Interview with the Director: Michael Cabot
We are so excited to welcome London Classic Theatre back to our stage this week for the hilarious farce Boeing Boeing! We caught up with the director Michael Cabot to find out a little more about the show, and its timeless comedic script:
Many people will know Boeing Boeing, but for those who don’t, what can they expect to see when it arrives in town?
In a nutshell, comic mayhem! The play is one of the longest running and most successful farces ever written. It literally flies off the page. Larger than life characters and an increasingly ridiculous situation.
How do you approach a play with such a stellar history - is its heritage a help or a hindrance; will we see some extra magic?
As a director, I think it’s important to approach any comedy with respect and no small amount of caution. Just because you are working on a terrific script like Boeing Boeing, there are no guarantees the journey will be easy. You have to find a ‘way in’ that works for you. I always inevitably start with character - if you can create interesting, flawed, three-dimensional characters, then that’s half the battle with any comedy. In terms of magic, Bek Palmer, our designer has produced a stunning vision for the piece. It’s bold and, well… extremely ambitious.
Why do you think the piece continues to resonate with audiences after 60 years?
I think the play is both of its time, but also has a timeless quality. The characters are immediately recognisable and very funny. A good farce has to walk a tightrope to work well. The timing has to be exact and the drama real. There also needs to be an element of danger, a metaphorical car crash just a moment away, so the audience are never quite sure what will happen next. And Boeing Boeing delivers this in spades.
What can you tell us about the cast; how was the audition process?
It was a challenge. The industry has been in hibernation for almost two years, so for a lot of actors coming in to see us, this was their first face-to-face audition for a very long time. It felt important to throw our doors wide open and see as many people as we could. This inevitable means creating a fair amount of disappointment, but it’s also brilliant to be creating opportunities for some very talented people. We have a very strong core company of actors who are integral to our plans, but this time the majority of the company are new to us, so that’s very exciting.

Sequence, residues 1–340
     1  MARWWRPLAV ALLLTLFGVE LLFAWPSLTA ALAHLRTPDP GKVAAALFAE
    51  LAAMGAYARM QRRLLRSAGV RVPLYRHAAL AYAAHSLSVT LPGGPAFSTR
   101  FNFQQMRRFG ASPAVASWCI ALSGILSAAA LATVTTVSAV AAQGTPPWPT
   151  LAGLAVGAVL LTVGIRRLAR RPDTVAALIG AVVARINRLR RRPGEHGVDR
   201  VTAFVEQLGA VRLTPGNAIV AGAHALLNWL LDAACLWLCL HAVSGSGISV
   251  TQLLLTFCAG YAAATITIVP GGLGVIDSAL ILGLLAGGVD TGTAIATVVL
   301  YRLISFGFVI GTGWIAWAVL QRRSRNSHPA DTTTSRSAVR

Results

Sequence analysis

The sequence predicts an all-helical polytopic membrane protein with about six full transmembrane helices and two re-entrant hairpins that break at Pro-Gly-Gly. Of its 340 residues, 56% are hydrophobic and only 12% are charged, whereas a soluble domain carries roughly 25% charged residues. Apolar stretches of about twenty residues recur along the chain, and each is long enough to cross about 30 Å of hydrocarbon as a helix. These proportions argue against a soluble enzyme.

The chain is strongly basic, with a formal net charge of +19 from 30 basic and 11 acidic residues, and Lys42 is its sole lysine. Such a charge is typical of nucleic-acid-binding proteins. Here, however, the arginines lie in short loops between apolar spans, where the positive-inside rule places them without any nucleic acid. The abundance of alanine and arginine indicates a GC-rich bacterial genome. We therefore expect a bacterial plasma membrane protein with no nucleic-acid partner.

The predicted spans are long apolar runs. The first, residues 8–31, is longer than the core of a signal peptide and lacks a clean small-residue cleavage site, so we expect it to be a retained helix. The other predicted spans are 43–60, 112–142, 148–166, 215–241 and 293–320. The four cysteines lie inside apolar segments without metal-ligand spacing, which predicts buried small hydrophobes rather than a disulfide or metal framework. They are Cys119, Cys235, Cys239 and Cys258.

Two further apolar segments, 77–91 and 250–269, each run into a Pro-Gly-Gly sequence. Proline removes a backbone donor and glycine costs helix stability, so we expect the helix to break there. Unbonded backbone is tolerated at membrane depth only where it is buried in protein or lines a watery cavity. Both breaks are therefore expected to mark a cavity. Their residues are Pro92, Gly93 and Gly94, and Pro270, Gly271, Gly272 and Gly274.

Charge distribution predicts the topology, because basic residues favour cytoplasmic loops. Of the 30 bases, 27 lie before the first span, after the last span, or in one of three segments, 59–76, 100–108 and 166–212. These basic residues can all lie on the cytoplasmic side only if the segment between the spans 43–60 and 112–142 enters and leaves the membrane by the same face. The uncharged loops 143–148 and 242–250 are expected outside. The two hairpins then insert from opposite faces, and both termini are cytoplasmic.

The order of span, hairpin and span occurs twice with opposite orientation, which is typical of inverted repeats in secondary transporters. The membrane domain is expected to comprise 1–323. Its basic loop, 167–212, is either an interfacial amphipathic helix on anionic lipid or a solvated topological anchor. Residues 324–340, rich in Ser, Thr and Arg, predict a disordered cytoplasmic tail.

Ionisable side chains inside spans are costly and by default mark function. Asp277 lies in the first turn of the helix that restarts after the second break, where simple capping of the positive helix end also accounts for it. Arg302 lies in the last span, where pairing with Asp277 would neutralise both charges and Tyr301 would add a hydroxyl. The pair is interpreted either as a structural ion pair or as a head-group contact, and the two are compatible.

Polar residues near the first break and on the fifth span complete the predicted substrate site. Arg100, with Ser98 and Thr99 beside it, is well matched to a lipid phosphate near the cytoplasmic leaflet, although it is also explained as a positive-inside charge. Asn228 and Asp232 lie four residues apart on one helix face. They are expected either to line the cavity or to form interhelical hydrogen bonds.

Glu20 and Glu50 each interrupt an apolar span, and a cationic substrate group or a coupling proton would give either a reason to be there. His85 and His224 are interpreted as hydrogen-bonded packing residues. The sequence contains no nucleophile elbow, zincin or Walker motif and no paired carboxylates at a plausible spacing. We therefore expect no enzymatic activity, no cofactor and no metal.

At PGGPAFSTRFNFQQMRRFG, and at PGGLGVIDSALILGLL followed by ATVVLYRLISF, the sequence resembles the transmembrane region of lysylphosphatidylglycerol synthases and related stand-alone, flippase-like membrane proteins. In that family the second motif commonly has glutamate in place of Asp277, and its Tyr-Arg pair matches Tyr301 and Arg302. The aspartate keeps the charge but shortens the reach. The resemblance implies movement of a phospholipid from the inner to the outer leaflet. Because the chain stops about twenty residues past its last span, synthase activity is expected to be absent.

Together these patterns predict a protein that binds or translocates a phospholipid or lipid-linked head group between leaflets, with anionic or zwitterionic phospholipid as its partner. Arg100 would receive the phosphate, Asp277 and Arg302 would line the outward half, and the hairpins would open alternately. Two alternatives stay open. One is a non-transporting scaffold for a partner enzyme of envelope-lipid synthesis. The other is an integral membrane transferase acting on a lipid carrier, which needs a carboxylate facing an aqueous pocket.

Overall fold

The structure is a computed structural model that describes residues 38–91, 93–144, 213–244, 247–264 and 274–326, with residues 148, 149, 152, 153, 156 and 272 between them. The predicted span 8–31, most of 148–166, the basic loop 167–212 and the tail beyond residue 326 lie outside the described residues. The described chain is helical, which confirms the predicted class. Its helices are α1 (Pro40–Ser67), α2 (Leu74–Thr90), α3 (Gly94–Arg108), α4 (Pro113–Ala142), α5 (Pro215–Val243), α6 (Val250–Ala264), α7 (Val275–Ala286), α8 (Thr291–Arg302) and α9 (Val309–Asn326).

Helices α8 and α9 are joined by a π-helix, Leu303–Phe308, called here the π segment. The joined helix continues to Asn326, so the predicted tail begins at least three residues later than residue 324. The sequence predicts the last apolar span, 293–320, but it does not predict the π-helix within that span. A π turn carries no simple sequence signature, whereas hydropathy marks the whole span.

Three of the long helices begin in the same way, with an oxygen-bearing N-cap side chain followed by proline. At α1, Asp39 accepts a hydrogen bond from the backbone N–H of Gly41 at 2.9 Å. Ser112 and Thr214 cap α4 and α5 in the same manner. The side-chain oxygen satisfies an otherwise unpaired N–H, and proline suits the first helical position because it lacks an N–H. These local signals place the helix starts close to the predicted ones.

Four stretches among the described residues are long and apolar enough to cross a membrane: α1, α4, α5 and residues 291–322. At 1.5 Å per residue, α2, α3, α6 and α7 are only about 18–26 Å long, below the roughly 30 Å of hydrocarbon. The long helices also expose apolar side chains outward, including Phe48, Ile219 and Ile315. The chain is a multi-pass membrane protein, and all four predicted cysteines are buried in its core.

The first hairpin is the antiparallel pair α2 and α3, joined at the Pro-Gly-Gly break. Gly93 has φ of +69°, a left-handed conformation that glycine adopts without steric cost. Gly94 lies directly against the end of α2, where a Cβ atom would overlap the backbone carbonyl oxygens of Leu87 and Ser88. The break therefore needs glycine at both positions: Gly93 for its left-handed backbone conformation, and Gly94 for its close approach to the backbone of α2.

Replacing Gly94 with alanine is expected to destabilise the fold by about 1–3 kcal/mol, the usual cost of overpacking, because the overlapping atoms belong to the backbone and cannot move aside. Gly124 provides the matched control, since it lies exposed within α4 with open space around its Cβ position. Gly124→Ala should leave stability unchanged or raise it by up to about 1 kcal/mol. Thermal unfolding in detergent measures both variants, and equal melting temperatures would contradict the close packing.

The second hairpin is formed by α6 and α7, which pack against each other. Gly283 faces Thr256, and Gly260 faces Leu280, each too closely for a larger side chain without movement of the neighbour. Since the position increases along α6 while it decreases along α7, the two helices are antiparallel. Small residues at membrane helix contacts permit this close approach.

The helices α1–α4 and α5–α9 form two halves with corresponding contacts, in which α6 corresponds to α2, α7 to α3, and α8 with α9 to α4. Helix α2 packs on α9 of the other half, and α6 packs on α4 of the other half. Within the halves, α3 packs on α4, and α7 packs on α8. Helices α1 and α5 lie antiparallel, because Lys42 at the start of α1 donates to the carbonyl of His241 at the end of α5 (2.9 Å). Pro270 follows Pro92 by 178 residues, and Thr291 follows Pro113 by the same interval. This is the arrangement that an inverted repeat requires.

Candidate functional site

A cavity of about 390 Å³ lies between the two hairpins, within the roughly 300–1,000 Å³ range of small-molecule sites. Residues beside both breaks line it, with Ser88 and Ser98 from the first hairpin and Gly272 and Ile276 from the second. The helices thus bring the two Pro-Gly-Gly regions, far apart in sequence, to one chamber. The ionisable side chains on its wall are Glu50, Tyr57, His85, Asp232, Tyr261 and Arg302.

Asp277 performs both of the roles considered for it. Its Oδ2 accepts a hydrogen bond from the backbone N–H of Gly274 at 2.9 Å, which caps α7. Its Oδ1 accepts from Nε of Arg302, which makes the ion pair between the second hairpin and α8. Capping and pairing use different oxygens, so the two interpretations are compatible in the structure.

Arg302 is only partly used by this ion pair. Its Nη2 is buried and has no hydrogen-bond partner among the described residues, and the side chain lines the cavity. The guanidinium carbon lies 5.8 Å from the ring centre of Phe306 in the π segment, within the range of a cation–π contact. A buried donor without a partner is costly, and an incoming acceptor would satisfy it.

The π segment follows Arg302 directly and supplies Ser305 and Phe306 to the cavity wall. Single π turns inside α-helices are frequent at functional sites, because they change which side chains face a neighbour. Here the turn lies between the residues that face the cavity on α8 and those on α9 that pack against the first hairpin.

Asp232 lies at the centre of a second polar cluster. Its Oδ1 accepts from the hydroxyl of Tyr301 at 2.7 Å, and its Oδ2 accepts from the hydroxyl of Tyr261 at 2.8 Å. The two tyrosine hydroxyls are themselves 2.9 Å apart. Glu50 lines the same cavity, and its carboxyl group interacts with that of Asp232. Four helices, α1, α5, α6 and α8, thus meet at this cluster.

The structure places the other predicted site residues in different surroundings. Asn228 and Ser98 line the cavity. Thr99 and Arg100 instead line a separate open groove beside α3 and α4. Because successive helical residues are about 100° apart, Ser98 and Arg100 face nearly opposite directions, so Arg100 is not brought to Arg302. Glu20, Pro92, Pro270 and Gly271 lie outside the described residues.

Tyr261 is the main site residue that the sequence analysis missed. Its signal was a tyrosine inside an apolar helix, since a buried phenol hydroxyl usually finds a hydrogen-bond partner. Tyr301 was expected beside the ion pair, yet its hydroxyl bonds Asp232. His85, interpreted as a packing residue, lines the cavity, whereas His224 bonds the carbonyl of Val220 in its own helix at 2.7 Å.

Do you have a favourite character in the play?
That’s a tough one. I love all the characters - each of them goes on a journey. The three air hostesses, Gabriella, Gretchen and Gloria, are fascinating to bring to life in 2022. I wanted them to be strong, dynamic women, who may be caught in the cogs of Bernard’s machinations, but they are canny, capable and definitely have a story of their own to tell. I also have a soft spot for Robert, Bernard’s friend from the provinces, who gets caught up in the chaos. He’s very much an innocent abroad. I think we experience the play through his eyes.
What can you tell us about rehearsals? Did everything go to plan?
Not entirely! We had some COVID-19 issues that needed careful management, but our cast were fantastic. They came to work every day and gave 100%. I think there was a quiet determination to get through to opening night and make sure we got on with the job. Having said that, it was a very happy rehearsal room. We did a lot of talking about the characters and the mechanics of the play before we started getting on our feet. There was a lot more discussion than I expected perhaps. But all very valuable. An inquisitive actor is a genuine asset to any rehearsal room and I had six of them. And there was cake. Lots of cake.
What can the young writers of today learn from Boeing Boeing?
That’s a great question. I think probably patience and the importance of setting up a story well. A play as convoluted as Boeing Boeing needs to be built on firm foundations. It’s like building a difficult maze. Get the structure right and it can be hours of fun. You don’t want your audience to get totally lost, but they must always wonder what’s round the next corner. Above all, they need to go home happy.